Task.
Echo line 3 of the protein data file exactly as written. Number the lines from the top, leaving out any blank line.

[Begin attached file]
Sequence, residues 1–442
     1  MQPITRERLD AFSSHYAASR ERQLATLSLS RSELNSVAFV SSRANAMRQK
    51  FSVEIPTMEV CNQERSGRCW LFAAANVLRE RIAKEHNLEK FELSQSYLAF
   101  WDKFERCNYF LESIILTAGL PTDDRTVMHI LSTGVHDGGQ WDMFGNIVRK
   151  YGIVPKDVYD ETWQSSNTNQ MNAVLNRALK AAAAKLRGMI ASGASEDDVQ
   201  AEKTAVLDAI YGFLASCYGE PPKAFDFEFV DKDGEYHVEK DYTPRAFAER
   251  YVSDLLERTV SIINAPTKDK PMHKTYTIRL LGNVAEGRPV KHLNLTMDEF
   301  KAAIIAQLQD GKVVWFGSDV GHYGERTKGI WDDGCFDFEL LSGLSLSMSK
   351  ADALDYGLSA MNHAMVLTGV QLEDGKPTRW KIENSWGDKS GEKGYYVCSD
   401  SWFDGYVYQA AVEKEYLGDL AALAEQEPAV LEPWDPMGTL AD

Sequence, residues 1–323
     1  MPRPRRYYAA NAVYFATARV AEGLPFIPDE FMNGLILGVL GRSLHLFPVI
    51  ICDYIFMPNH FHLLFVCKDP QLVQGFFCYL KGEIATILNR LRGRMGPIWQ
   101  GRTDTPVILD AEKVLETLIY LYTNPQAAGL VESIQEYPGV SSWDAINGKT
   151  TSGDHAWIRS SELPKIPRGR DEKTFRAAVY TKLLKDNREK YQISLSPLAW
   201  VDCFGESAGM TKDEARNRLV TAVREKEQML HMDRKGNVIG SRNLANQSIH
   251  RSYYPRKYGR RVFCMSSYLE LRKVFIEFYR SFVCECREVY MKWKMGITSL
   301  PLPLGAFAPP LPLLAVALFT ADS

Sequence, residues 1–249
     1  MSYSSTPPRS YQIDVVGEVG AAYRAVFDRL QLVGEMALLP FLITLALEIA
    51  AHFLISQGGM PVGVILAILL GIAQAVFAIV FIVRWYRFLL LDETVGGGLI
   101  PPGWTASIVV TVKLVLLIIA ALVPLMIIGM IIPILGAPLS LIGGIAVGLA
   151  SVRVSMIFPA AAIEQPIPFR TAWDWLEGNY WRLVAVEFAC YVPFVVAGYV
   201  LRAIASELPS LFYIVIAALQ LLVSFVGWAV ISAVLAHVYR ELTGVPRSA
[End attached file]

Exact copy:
    51  FSVEIPTMEV CNQERSGRCW LFAAANVLRE RIAKEHNLEK FELSQSYLAF